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August 31, 2010

The Prelinger Library

One of the intriguing aspects of learning a language is how much one learns about the culture the language emerges from. One obvious example is how different British English is from North American English.

Each of those traditions....

...shapes and shifts as people explore and express themselves.

Because of this, I am convinced that it is crucial to hear how native speakers pronounce words and how they phrase different - yet universal - experiences.

Thanks to the internet, all kinds of voices from different cultures and eras are available to almost any learner.

As I've written before, I love poking around the Web to get a feel for what is out there for language - or every kind of - learners.

I have found yet another wealth of information and resources. The Prelinger Library(http://www.prelingerlibrary.org/) is one of those wide open doors that has immeasurable resources behind every pull down menu.

My favorite menu is "moving Images". Under this tab you can find all kinds of video clips from 1930's cartoons to experimental (modern) independent films. You can find academic and cultural films, concert clips and documentaries on everything from insects to the making of home movies.

Under the "Moving Images" icon, here are your choices; Animation & Cartoons | Arts & Music | Community Video | Computers & Technology | Cultural & Academic Films | Ephemeral Films | Home Movies | Movies | News & Public Affairs | Prelinger Archives | Spirituality & Religion | Sports Videos | Videogame Videos | Vlogs | Youth Media

Under "Texts" you can find full access to Project Gutenberg archives among many other things.

From the website;
"The Prelinger Library is a private research library open to the public, located in downtown San Francisco. Its collections encompass some 50,000 books, periodical volumes and printed ephemera. The Prelinger Library is currently curating this online collection of public domain materials in key subject areas."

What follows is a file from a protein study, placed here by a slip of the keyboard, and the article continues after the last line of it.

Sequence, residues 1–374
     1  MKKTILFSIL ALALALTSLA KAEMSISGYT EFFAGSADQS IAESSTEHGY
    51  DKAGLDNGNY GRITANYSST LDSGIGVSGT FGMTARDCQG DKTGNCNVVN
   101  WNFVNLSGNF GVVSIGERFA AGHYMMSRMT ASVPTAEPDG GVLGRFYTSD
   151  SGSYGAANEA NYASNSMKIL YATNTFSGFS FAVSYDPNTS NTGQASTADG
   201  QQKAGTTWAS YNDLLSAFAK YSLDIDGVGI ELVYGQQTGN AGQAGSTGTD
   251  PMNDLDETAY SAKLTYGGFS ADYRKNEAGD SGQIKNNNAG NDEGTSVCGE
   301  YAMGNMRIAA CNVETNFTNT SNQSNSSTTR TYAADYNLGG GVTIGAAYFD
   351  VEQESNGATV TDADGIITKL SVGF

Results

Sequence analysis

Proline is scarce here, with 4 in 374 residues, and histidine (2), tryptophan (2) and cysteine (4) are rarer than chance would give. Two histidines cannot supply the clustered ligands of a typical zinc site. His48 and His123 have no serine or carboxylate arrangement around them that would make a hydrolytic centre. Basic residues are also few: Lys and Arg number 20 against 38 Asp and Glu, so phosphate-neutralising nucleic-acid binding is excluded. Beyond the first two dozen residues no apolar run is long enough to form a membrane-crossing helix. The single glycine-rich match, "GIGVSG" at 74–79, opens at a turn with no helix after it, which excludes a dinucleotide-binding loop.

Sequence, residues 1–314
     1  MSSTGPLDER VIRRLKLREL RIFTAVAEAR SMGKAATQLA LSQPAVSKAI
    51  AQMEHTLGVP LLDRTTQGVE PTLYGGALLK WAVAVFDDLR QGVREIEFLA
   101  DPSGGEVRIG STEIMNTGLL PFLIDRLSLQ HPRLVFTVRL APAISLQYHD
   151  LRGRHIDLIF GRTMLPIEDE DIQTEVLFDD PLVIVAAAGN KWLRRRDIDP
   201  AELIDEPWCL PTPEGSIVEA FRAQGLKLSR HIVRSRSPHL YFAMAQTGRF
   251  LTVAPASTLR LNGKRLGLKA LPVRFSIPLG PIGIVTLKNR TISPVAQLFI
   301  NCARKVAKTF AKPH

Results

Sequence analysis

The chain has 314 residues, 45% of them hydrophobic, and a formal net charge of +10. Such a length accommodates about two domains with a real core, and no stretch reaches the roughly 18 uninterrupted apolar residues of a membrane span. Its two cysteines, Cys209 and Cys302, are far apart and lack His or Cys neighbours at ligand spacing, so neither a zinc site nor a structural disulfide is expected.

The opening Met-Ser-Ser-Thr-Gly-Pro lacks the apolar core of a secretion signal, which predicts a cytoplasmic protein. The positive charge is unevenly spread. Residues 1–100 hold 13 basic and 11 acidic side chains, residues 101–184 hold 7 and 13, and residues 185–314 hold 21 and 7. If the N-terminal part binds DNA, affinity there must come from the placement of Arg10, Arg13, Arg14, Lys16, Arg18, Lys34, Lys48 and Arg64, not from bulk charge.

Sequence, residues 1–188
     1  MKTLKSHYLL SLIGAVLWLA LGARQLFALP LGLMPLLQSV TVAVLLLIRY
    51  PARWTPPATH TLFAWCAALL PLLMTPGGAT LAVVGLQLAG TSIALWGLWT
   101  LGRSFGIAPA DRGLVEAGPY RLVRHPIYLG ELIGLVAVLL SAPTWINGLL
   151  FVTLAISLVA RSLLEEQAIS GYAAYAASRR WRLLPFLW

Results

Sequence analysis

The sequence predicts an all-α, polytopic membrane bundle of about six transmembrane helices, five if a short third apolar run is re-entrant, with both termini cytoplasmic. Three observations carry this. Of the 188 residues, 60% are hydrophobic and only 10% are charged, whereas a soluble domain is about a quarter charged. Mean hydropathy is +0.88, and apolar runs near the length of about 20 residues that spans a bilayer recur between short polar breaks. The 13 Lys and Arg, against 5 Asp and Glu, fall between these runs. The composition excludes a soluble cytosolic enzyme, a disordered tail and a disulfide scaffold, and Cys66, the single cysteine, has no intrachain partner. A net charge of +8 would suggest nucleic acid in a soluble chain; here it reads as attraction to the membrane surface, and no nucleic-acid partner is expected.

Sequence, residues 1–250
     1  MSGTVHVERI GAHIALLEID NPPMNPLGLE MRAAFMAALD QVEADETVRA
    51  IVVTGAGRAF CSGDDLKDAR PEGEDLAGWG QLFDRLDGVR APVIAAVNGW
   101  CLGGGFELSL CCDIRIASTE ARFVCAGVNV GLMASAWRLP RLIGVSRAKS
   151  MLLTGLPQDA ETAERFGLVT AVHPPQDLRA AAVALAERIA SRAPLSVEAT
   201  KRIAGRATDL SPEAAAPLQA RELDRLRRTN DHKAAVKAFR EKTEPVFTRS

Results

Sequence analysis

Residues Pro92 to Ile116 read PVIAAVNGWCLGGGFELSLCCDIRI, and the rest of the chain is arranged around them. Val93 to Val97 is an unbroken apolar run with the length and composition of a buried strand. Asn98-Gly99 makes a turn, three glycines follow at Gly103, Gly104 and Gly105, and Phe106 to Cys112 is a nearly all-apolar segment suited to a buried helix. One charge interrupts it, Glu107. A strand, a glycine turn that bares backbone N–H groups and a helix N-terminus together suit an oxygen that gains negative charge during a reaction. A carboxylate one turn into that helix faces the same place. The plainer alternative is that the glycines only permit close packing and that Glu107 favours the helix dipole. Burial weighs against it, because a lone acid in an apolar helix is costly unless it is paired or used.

Be sure to check out the "A/V Geeks" sections!

As a teacher, I am always on a budget, and free is even better. I love being able to find high interest websites - especially those that allow me to see and hear historical figures.

There is a wealth of information online. I encourage you to go to language or public speaking websites and poke around. I am sure you will find appropriate resources for any teacher or learner.

On an unrelated note, I always urge my students to step out and pursue their passions. I have just recently had the opportunity to pursue one of my longtime passions. I'll be hosting an online radio program. You can hear my voice - and some of my stories about music - at tacoma.fm http://www.tacoma.fm/tfmdjssaturday.php. My program is on from 10pm to 2 am (Pacific Standard time) every Saturday evening and rebroadcast Sunday evening 6pm to 10 pm. Hit the "Listen live" sidebar on the upper left side.

I guarantee music that will make you think. Most of the lyrics are memorable and easy to follow.

You never know what you might hear. It might be familiar - or it might be like nothing you've ever heard before.

I hope you can listen. Please send me a note and let me know what you think.


About the author of this entry:

Morf has a B.A.from the Evergreen State College in Olympia, Washington and an MAT (Master's in Teaching English) from the University of Washington (Seattle). Morf teaches a range of English, writing and public speaking courses, prefers international and independent films, foreign foods he can't pronounce, music no one else has heard of and riding his bicycle in foreign cities.

Posted by mmorf at August 31, 2010 11:34 PM

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